The bin directory contains a variety of scripts that can be run to carry out specific functions. Some of these scripts are run on a regular basis, for example the CiviMail 'send' and 'process' scripts. Others are run on a one of or occasional basis, e.g. update geo-coding.
The SQL directory is automatically generated as part of a release. It contains useful files like the SQL to create the database and insert demo data. Most developers won't need to edit files in this directory.
This directory contains lots of automatically generated localisation files. You should not need to edit this directory directly. You should instead use CiviCRM's online translation tool transifex.
The database structure is defined in a series of XML files. These files are not packaged in the releases but are available in the SVN repository. They are located in Civicrm/xml/Schema. All the folders within this directory also have folders in the main CRM folder which contain a DAO folder and generally a BAO folder too.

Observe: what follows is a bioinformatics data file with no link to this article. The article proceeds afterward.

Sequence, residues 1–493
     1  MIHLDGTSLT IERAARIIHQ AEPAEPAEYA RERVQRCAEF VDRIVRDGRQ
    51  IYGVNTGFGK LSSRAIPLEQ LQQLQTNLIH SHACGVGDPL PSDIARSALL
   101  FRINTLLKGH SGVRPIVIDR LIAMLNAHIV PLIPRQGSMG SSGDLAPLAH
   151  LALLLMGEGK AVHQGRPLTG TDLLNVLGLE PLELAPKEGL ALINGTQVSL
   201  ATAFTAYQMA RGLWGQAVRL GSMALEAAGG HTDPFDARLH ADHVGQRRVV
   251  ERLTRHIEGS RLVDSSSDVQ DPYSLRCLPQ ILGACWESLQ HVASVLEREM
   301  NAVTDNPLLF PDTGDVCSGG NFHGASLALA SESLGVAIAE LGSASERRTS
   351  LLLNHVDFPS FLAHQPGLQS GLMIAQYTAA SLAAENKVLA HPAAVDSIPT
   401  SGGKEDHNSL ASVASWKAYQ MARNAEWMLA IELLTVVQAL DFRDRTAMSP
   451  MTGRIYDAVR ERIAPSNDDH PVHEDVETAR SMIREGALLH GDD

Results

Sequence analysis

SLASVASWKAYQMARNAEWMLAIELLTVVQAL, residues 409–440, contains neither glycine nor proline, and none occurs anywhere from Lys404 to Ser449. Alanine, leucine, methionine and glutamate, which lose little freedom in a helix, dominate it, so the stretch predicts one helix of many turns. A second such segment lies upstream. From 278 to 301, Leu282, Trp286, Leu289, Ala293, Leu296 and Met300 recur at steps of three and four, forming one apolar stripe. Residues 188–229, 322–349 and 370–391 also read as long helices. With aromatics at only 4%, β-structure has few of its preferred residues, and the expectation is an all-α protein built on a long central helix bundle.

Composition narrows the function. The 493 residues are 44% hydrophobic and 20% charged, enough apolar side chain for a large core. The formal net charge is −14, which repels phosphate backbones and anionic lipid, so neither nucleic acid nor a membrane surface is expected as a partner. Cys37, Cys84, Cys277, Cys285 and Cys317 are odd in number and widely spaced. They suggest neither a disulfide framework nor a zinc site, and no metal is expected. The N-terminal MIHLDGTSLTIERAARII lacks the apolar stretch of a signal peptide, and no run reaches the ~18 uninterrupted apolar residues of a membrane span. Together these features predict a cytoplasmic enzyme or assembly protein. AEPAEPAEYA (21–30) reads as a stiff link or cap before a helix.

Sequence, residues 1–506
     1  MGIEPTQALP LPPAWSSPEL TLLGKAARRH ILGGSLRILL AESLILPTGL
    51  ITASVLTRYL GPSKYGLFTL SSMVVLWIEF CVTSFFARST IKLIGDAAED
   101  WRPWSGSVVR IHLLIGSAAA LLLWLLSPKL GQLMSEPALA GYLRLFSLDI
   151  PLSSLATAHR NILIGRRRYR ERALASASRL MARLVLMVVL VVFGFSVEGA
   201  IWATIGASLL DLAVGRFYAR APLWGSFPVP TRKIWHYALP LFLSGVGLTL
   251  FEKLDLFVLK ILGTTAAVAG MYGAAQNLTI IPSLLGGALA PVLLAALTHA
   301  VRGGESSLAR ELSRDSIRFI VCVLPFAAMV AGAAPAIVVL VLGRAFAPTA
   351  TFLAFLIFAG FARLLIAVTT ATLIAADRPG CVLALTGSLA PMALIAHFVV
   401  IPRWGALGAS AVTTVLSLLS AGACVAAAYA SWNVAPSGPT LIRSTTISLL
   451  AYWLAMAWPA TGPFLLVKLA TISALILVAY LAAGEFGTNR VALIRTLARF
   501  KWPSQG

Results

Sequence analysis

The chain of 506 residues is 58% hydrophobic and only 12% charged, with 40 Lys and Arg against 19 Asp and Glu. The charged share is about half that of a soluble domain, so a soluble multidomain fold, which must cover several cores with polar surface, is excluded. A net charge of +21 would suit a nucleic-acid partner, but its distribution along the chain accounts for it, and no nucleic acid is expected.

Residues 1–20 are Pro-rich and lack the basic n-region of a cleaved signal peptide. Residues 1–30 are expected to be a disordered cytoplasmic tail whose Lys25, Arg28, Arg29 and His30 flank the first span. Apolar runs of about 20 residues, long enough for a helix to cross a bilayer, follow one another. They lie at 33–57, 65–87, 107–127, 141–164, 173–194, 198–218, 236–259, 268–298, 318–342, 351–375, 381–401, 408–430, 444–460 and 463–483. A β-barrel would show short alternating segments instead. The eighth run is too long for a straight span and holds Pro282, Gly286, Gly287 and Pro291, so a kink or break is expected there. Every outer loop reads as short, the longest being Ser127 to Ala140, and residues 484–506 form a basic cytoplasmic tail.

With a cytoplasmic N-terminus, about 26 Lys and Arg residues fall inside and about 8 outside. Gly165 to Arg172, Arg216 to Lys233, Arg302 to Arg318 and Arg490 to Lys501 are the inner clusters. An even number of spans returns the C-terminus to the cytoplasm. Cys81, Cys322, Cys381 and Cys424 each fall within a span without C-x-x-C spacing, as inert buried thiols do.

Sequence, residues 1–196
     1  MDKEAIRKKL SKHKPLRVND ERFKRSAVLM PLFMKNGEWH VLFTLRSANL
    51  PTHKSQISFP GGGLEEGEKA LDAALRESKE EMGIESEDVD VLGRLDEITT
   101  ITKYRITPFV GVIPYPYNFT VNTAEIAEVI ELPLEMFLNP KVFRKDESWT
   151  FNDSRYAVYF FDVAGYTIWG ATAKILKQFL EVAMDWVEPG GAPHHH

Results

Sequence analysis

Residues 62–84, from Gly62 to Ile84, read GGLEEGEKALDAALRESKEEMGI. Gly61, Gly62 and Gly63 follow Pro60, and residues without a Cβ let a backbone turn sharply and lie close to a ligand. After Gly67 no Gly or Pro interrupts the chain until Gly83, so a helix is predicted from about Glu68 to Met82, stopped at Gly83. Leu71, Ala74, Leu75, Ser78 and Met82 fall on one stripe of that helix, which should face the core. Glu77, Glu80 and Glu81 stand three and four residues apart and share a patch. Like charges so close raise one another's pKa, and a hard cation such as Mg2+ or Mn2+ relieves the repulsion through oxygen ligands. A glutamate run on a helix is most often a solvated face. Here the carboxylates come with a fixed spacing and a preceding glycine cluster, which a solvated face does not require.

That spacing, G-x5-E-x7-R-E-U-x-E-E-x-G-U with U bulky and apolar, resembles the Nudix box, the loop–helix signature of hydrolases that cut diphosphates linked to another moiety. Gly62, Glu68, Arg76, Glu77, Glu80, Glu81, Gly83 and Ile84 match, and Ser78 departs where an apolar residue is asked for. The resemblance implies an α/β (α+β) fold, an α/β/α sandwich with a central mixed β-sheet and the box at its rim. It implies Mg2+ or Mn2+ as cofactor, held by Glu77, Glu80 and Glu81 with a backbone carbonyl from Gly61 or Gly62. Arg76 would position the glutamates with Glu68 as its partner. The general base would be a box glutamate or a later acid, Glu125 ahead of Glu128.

Looking in CiviCRM/xml/Schema/Pledge we see 4 files:
files.xml is just a list of the other files. Each of the others represents a table in the Database. The XML files describe the database and are used to build both the DAO files and the new database sql generation script.
The XML describes fields, foreign keys and indexes, an example of a field definition is:
<comment>Total pledged amount.</comment>
When should I edit core CiviCRM?
The above should have given you a reasonable idea of what the CiviCRM code based looks like. Remember that most of the time, editing the core code base directly is not the recommended way for developers to customise and extend CiviCRM.
There are other recommended ways for the majority of scenarios - for example the APIs and hooks. Be sure that any edits that you make to the core code base are really necessary.
To help you decide, here are a couple of principles:
- Bug fixes should always be applied to core.
- Some (but not all) new features make sense to put in core, especially if they would be useful to others.
If you aren't familiar with CiviCRM, by far the best way to get a sense if you should be editing core is by talking with the CiviCRM developer community on IRC, the forums, etc.